A recent episode of my Learning Uncut podcast generated some discussion on LinkedIn. It was an interview with Kate Fraser of Standards Australia about how she has made a capability framework valuable.
Today I had a video call with a person that I’d exchanged comments with on the LinkedIn discussion thread about this episode. She is concerned about the practical implementation of the capability framework that has been developed in her organisation. When I dug a little deeper the real issue she is grappling with is how to encourage people to engage in development activities. It struck me that this issue existed independently of whether a capability framework was in place. However, she believes that the rollout of the framework in her organisation will overwhelm people who are very busy in their job roles. The framework implementation could be used to as an opportunity to promote continuous learning practices.
While today’s conversation covered a range of strategies that she could use to implement the framework, one key aspect that we focussed on was the role of managers to guide the development of their people. The Towards Maturity 2017 benchmark report showed that amongst the top three barriers to achieving a learning culture are:
- Lack of skills amongst employees to manage their own learning (65% of respondents)
- Reluctance by line managers to encourage new ways of learning (58% of respondents)
A high leverage activity for any Learning and Development (L&D) team is to support the development of continuous learning skills. In particular, helping managers to build skills, strategies and habits to provide development support for their team members is critical. This is even more so in a hierarchical, bureaucratic organisation such as the one described to me today.
“Whilst L&D might play a role in developing the capability framework and identifying how it aligns with particular roles – their manager really should be the person identifying capability gaps and providing development support for addressing these gaps for individuals and across the team…particularly since capability development is most impacted through on the job development opportunities more than – or at least in addition to, formal training. Perhaps L&D can add the most value by supporting managers to develop this capability.”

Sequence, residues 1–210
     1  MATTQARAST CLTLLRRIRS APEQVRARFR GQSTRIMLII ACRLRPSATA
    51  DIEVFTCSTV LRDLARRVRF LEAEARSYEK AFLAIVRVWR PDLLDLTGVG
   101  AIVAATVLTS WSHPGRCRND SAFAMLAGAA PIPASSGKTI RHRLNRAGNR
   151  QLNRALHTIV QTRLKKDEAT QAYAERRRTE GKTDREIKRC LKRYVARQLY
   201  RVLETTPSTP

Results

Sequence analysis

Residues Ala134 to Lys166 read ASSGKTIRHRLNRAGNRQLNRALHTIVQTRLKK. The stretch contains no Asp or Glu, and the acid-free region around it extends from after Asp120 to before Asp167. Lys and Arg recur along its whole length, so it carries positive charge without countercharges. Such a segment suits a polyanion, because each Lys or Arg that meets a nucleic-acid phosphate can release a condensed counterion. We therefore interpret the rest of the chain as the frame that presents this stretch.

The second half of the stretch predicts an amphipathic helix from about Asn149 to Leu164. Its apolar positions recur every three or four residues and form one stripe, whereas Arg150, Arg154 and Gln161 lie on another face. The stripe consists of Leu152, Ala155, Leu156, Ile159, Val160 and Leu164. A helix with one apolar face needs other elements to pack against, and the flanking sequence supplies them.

In the Learning Uncut podcast Kate Fraser described how she closely supported managers to use the capability framework for a range of purposes. Eventually they became adept at using it without ongoing hand-holding. Of course, engaging managers early to create use cases for the capability framework and help develop the framework generally increases their buy-in and the usefulness of the end product. For the person I spoke with today it is too late for this. Her opportunity is to engage managers in implementation. I suggested that she assemble a small group of managers to assist with implementation planning. A useful first step would be to create a persona to represent a typical manager and identify their motivations and pain points in relation to developing their people. Then consider how the capability framework could be implemented in a way that aligns with their motivations and addresses their pain points.
Note: I have recently project managed a refresh of the Learning and Performance Institute’s L&D Capability Framework. The framework will be launched in early September. Over the coming month I shall post more about both this specific framework as well as capability frameworks more generally.